Chinese national pleads guilty to $100,000 immigration scam
A Chinese national faces a possible jail term after an investigation by the Immigration Advisers Authority uncovered a $100,000 immigration scam.
Tengyu (Nick) Yuan, a 36-year-old New Zealand citizen from Albany, admitted providing immigration advice illegally to six migrants at Auckland District Court on 30 July 2013.
The court heard Mr Yuan, director of Auckland City-based Noahark Consultant Limited, took large sums from migrants promising to secure them visas only to carry out little or no work.
Mr Yuan pleaded guilty to six charges of providing immigration advice without being licensed or exempt. Each charge carries a maximum sentence of seven years in prison and a fine of $100,000 under the Immigration Advisers Licensing Act.
Under the Act anyone providing New Zealand immigration advice must be licensed by the Authority unless exempt. Exempt persons include lawyers.
Anyone seeking help from an immigration adviser, consultant or agent is urged to check the Authority’s register of licensed immigration advisers(external link).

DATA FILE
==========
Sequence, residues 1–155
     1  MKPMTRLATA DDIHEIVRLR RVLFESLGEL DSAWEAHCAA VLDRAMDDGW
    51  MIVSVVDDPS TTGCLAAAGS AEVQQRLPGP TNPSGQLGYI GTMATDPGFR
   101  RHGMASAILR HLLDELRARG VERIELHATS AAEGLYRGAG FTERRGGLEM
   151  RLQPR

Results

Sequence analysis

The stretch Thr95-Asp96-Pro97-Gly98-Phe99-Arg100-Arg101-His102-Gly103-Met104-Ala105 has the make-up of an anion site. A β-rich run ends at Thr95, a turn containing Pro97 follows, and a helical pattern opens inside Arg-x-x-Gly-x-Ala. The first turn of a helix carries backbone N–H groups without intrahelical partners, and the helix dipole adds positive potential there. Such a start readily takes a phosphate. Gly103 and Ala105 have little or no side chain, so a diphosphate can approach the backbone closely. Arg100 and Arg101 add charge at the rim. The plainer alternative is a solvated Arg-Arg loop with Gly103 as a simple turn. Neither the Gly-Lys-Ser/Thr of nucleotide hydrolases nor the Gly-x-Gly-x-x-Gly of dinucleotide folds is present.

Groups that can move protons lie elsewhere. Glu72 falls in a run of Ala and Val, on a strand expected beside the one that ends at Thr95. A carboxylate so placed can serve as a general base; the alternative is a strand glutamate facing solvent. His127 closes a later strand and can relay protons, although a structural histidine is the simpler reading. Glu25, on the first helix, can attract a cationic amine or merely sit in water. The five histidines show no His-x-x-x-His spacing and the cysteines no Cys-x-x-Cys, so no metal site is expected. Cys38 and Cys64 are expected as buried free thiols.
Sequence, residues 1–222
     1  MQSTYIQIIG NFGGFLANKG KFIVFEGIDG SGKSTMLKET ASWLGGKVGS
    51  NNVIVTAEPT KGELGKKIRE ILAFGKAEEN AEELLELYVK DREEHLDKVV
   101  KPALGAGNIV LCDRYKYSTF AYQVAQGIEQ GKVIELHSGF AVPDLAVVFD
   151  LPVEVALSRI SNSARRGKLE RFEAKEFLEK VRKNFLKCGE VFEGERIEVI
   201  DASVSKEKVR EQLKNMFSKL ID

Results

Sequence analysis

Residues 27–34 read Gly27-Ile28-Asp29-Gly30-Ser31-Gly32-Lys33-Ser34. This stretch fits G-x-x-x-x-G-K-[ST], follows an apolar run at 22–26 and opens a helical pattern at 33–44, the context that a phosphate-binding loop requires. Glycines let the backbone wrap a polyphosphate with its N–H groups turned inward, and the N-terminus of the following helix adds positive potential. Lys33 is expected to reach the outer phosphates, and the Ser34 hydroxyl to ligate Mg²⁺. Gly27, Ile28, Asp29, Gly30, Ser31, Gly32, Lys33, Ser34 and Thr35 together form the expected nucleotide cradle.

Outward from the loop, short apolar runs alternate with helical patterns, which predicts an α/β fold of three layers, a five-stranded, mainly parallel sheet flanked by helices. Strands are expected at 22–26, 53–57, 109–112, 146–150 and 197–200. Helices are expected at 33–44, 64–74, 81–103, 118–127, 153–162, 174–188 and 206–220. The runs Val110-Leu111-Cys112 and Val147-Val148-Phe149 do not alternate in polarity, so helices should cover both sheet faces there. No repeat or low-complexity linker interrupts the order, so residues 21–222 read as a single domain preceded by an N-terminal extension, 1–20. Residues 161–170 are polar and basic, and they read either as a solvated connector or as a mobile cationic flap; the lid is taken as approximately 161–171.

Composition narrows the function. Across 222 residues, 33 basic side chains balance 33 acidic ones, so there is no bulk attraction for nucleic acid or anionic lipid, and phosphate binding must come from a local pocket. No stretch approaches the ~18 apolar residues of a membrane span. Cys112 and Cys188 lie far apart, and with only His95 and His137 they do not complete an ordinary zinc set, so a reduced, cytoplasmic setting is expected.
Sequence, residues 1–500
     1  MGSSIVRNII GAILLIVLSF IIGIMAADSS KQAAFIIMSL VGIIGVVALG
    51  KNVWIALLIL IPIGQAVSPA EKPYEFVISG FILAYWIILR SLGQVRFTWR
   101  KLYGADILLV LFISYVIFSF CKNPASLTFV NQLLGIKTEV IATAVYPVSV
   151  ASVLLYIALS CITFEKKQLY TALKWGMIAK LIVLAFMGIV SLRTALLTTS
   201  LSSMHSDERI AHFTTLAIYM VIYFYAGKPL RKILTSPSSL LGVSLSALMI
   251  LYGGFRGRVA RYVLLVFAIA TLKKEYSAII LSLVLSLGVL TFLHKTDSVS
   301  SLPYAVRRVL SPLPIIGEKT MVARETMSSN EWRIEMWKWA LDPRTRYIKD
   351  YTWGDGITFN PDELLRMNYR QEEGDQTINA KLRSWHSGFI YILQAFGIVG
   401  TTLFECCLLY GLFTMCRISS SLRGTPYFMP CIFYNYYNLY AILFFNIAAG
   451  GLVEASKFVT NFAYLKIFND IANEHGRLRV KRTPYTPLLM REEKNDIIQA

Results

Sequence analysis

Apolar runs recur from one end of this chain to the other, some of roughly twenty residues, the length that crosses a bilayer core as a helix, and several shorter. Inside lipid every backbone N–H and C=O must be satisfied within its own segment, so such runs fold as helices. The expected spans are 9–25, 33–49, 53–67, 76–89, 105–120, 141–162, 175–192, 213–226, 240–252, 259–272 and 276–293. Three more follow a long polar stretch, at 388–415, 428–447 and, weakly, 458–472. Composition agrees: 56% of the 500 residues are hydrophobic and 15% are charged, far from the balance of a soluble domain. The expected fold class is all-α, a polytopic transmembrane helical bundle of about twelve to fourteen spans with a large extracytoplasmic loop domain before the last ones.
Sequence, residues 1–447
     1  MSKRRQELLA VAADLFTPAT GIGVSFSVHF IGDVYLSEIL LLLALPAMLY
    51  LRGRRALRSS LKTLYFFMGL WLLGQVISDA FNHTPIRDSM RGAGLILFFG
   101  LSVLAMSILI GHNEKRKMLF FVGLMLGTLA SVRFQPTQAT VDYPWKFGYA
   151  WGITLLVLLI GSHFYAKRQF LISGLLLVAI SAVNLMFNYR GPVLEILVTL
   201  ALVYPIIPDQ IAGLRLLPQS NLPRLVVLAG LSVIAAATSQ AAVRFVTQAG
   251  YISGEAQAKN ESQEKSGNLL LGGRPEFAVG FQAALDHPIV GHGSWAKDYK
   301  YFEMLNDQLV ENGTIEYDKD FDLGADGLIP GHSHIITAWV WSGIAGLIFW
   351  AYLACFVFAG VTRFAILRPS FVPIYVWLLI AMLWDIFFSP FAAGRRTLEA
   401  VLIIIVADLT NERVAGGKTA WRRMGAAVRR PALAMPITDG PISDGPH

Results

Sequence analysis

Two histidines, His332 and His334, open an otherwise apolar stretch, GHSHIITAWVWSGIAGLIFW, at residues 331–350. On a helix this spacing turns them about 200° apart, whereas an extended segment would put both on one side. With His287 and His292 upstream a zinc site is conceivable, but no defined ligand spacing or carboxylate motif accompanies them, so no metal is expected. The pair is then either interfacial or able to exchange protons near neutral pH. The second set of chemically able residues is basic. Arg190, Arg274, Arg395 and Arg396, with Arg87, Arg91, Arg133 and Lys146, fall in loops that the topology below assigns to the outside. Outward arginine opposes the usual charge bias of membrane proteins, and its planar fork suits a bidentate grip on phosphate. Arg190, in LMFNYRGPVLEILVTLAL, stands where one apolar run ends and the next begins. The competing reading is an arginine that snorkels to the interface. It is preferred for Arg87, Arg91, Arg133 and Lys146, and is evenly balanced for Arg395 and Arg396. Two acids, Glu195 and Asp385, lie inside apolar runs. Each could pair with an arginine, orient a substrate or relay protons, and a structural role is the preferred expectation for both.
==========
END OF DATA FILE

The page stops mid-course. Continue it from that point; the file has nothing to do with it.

The register contains an international list of licensed immigration advisers and can be checked either online or by contacting the Immigration Advisers Authority(external link) directly on freephone 0508 422 422.
Mr Yuan appears for sentencing at Auckland District Court on 18 October 2013.
Notes to editor
The Immigration Advisers Authority was set up to promote and protect the interests of people receiving New Zealand immigration advice.
We do this by:
- issuing licences to people who are fit and competent to give immigration advice
- maintaining competency standards and a code of conduct for immigration advisers
- investigating people giving immigration advice without a licence or exemption
- receiving complaints from people who have received poor immigration advice.
Under the Immigration Advisers Licensing Act 2007(external link) anyone giving immigration advice must have a licence unless they are exempt. Exempt people include lawyers with a current New Zealand practising certificate and Citizens Advice Bureaux staff among others.
The Authority is independent of Immigration New Zealand and cannot give immigration advice or influence a visa application